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United States v. Apuzzo

decided: May 28, 1957.

UNITED STATES OF AMERICA, PLAINTIFF-APPELLEE,
v.
SALVATORE APUZZO, DEFENDANT-APPELLANT.



Author: Clark

Before CLARK, Chief Judge, and FRANK,*fn1 MEDINA, HINCKS, and WATERMAN, Circuit Judges.

CLARK, Chief Judge.

This appeal involves a criminal prosecution presenting generally routine matters, leading to a clearly justified conviction and an appropriate, if light, sentence for this defendant. A single issue, as to testimony about the defendant's arrest fifteen years earlier, presented challenge; and because of its potential importance in the administration of the criminal law after the initial hearing before a panel of Judge FRANK, Judge WATERMAN, and myself, the court ordered another hearing before the full bench.*fn2 This second hearing on oral argument and further briefs resulted in a majority vote for affirmance.

Salvatore Apuzzo, the defendant, was prosecuted under two informations: one information alleged that he and two codefendants, Samuel Aaron and Ernest Broussard, were engaged during the month of August 1953 in the business of accepting wagers individually and as a copartnership, and that they willfully failed to register and pay the special occupation tax on gamblers in violation of 26 U.S.C. §§ 2707(b), 3277, 3290, 3291 (a), 3292, and 3294. The other information charged the three men with a conspiracy, during the period July 28 to August 5, 1953, to commit those crimes in violation of the general conspiracy statute, 18 U.S.C. § 371. Aaron and Broussard pleaded guilty to the second information, and only Apuzzo stood trial. The jury found him guilty on both informations. He was sentenced on the first information to a $3,000 fine and 60 days' imprisonment, followed by 4 years' probation; on the second information, sentence was suspended and a 4-year probation period imposed, to run concurrently with that on the first information. He appeals from this judgment of conviction.

It is undisputed that the defendant is the proprietor of a small butcher shop at 363 Lenox Avenue, New York City, and has been in the butcher business for 15 or 20 years. His brother-in-law, Isidori, who had been in his employ as a butcher for 6 years, testified that normally the defendant opened the safe in the store early each morning before going to the market to buy meat. Defendant and Isidori, the same witness stated, worked at the store every evening between 5 and 8 o'clock. Codefendants Aaron and Broussard were employees of the defendant who worked behind the counter of the store at the times in issue here.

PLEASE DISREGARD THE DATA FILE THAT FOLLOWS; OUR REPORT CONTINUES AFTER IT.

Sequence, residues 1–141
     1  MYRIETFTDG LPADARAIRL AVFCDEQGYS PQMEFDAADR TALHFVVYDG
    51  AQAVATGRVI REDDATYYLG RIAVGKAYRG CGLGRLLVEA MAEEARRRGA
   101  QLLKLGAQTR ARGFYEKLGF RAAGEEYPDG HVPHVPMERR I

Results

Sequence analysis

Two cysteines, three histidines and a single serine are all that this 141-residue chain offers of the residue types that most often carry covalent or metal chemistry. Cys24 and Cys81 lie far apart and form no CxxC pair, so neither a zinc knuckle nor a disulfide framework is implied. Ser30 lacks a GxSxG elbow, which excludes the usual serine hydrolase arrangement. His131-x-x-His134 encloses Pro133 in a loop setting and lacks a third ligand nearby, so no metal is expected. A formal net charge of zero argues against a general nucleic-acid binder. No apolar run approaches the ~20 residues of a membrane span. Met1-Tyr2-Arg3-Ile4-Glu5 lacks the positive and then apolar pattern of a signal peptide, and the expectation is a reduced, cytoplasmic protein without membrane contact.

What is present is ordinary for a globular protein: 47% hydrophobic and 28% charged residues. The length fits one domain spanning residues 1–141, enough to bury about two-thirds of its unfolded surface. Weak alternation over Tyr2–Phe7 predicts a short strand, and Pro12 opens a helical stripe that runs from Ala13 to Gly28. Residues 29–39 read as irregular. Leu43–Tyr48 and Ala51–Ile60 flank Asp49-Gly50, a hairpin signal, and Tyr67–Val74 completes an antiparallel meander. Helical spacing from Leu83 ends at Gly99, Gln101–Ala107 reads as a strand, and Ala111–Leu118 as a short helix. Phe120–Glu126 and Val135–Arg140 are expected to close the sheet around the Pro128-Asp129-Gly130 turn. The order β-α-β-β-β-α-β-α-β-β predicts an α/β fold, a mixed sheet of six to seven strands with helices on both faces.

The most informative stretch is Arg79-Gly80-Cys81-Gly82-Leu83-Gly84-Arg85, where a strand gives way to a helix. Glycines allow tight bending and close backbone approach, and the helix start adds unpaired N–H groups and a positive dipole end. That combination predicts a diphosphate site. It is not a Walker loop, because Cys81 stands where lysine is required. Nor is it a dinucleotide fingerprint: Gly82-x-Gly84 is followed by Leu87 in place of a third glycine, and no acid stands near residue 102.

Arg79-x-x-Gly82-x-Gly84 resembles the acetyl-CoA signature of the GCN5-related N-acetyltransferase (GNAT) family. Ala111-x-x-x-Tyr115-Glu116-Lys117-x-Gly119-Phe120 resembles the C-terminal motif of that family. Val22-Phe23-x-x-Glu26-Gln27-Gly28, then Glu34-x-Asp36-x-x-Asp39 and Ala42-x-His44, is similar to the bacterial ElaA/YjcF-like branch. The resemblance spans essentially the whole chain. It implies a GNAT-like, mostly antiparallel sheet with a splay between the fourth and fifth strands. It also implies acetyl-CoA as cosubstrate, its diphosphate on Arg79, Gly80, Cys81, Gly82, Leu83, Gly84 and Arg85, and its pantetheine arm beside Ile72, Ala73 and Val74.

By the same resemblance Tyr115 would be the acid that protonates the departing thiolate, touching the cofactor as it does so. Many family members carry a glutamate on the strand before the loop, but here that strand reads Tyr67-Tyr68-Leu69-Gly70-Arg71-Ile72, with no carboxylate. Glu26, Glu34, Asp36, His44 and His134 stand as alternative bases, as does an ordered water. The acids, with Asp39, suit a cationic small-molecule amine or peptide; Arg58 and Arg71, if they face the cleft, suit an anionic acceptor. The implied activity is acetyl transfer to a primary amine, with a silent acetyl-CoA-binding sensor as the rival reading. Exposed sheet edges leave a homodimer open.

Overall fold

From July 28 to August 5, 1953, two federal agents made five visits to the butcher shop between 12:30 and 1:30 in the afternoon, and placed "policy" bets with Aaron and Broussard, who were behind the counter. The two agents testified, without contradiction, that during these visits they saw people lined up in front of the counter placing bets, and that on an occasion when one agent asked Aaron what number had won the day before Aaron pointed to three numerals which were posted on the front of the scales. Prior to their visit on August 5, 1953, both agents prepared carbon copies of policy slips; and upon entering the butcher shop they made bets with the originals and kept the carbon copies for evidence. During this whole period Aaron and Broussard, in addition to accepting bets, were also engaged in selling meat; and the defendant was never seen in the store by the two agents.

Later in the afternoon of August 5, 1953, pursuant to a valid search warrant, four agents raided the shop, proceeding through the main part of the store to a small room in the rear. All four agents testified, without substantial contradiction and quite unshaken after extensive cross-examination. They established that they found the defendant with two bystanders in the back room inspecting ties which an itinerant tie merchant was trying to sell. As the agents entered the room they wore their badges and announced their identity as federal men. One or more of them had drawn guns. Each agent questioned a different person found in the room, and Agent Lemler was apparently the first to question Apuzzo. Apuzzo at first maintained that he was only a visitor to the store and then claimed he recently rented it from one John Sloan. When Agent Gianatasio searched him Apuzzo produced a wallet containing a car registration listing him as a resident of Scarsdale, but to questions he answered that his address was in the Bronx. Cash in the amount of $1,366 was found on the defendant's person, and several thousand money wrappers and several hundred pads of paper were found in the rear room.

The agents and the defendant then proceeded into the front part of the store where the safe was and Apuzzo was asked to open the safe. According to the agents' testimony he denied knowledge of the combination until told it would be necessary to remove the safe from the premises and break it open, when he proceeded to open it. Within the safe were numerous compartments which were then broken open. Within them was found between $10,000 and $11,000 in cash, ownership of which Apuzzo immediately claimed, explaining that he kept it there to avoid having a lien placed on it as part of proceedings pending against him in the Tax Court. Also in the safe were two envelopes containing undated policy slips and some personal papers of defendant.